Opinion Column

Five things to know about municipal policing

Rick Philbin

There is a healthy and important debate underway about the cost of policing in Ontario and future sustainability. Part of that discussion involves how the OPP delivers police services to 324 municipalities and our current billing model, which is under review.

In the interest of contributing to informed debate, here are five things everyone who lives in an OPP-policed municipality should know.

• All municipalities must provide policing services to their constituents. They can do this in several ways. One of these is contracting services from the OPP under Section 10 of the Police Services Act (PSA). A municipality may also establish a police service, enter an agreement with one or more other municipal councils to constitute a joint police services board, enter an agreement with one or more councils to amalgamate their police services or contract services from an adjacent police service (one that shares a political boundary with the contracting municipality).

If none of these choices are exercised, policing services are provided by default by the OPP under Section 5.1 of the PSA. Municipalities have these policing choices and many decide on the OPP for a variety of good reasons. I am pleased to report OPP-policed communities report a high level of satisfaction with our services.

• Provincial regulations require the full and fair cost recovery from municipalities for OPP services. The OPP and the Ministry of Community Safety and Correctional Services are in the midst of a billing-model review that will result in a fairer, more transparent and less complex process — something many municipalities have demanded. The total revenues recovered under the new model will still be solely cost recovery, but some municipalities will pay more and some will pay less.

• The provincial auditor general has also recommended the OPP should simplify its costing and billing methods.

He also said the OPP should make the billing and costing methods more transparent and “address the issues that result in municipalities paying different rates” (2012 provincial audit). In 2015, under the proposed billing model, an estimated base cost per household of $260 would be charged along with a cost for calls for service. OPP-policed municipalities that currently pay lower than $300 per household should see their policing costs rise; municipalities that currently pay more than $400 per household should see their policing costs drop. Let’s be honest: Some municipalities have enjoyed unrealistically low policing costs with the OPP for many years while others have paid much higher per household due to a complex billing process. Addressing this discrepancy is the right thing to do, though we acknowledge the transition for the municipalities that will experience rising costs will be difficult. The Ontario government is considering ways to lessen the financial impact during the transition to a new billing model.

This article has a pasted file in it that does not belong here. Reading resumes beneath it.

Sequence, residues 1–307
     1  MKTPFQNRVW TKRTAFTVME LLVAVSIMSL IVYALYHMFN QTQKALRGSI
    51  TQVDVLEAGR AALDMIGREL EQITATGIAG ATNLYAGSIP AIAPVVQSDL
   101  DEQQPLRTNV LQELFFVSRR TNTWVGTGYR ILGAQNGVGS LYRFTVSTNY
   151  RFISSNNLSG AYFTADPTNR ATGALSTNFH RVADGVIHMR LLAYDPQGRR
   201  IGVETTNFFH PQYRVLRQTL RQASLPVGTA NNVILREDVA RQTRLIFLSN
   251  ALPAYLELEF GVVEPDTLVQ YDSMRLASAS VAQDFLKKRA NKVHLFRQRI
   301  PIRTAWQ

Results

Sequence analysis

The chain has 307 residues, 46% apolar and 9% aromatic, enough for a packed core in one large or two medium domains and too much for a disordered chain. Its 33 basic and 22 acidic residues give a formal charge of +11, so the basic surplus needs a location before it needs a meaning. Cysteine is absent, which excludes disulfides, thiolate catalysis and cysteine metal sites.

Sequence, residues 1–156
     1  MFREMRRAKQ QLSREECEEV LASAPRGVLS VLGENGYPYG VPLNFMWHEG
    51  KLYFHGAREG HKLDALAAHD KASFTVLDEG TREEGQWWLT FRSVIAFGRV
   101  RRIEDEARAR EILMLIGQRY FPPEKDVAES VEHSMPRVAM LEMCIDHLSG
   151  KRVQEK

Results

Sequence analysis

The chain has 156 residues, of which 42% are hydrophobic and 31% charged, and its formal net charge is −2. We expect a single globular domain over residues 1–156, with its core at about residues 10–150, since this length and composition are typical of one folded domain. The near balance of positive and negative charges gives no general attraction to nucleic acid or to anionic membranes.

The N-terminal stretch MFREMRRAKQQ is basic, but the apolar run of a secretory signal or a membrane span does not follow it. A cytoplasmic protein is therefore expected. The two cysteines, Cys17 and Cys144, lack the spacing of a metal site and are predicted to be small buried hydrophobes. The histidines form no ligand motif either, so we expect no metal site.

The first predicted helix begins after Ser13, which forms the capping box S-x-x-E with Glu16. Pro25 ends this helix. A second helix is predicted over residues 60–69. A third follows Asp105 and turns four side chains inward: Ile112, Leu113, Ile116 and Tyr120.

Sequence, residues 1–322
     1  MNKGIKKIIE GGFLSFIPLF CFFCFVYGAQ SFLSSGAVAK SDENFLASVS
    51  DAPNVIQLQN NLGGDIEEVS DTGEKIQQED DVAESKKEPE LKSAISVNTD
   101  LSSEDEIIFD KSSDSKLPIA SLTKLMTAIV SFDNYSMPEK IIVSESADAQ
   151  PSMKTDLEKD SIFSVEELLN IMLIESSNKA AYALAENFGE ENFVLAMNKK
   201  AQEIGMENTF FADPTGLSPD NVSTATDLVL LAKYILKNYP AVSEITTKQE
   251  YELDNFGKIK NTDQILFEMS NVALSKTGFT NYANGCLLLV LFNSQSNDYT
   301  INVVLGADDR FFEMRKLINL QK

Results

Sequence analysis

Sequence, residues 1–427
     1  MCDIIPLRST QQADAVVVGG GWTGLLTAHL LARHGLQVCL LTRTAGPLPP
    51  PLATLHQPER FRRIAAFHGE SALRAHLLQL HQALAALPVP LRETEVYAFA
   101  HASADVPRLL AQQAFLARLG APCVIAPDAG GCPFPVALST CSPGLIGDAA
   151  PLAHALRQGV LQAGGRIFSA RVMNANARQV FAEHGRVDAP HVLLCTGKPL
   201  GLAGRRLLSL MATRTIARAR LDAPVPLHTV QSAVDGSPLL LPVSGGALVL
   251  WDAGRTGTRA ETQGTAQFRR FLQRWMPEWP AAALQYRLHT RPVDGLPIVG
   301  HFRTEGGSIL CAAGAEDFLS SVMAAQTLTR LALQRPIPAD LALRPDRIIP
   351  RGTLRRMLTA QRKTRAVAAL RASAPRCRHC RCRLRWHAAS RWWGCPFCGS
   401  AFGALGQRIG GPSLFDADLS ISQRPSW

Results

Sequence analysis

• The OPP cost-recovery formula resulted in a reduction of 1% in billing for direct operating expenses (gas, uniforms, computers, etc.) from 2010 to 2013. This was a significant accomplishment compared to other police services, which are also struggling with rising costs in a time of restraint. I must acknowledge uniform salaries, which are not part of the cost-recovery formula, are 80% to 85% of the overall costs charged to OPP-policed municipalities. After two years without receiving a general increase in wages (2012 and 2013), OPP officers received an increase of 8.55% in 2014 to raise the salary of an OPP provincial constable to equal that of the highest-paid police service in the province. The OPP will have to recover these costs in the municipalities it polices.

• Regardless of any changes to billing and the wage raise in 2014, the OPP remains the most cost-effective policing option for many municipalities in Ontario. OPP costs, on average, are less than half of the average cost of municipal police services in the province (based on OPP and Ministry of Finance data). While the per-household cost of policing can vary widely under the current billing model, our low per-household cost average tells us the OPP is doing a really good job of being cost-effective and efficient.

The men and the women of the OPP are dedicated professionals who provide a wide range of policing services to Ontario’s communities. We continue to work hard every day to keep the trust and confidence of the people of this province. We look forward to continuing to work with all of our partners to ensure a safe and secure Ontario.

To view a more detailed video statement on this subject by me, visit the OPP’s YouTube channel.

Supt. Rick Philbin is commander of the OPP’s Municipal Policing Bureau.


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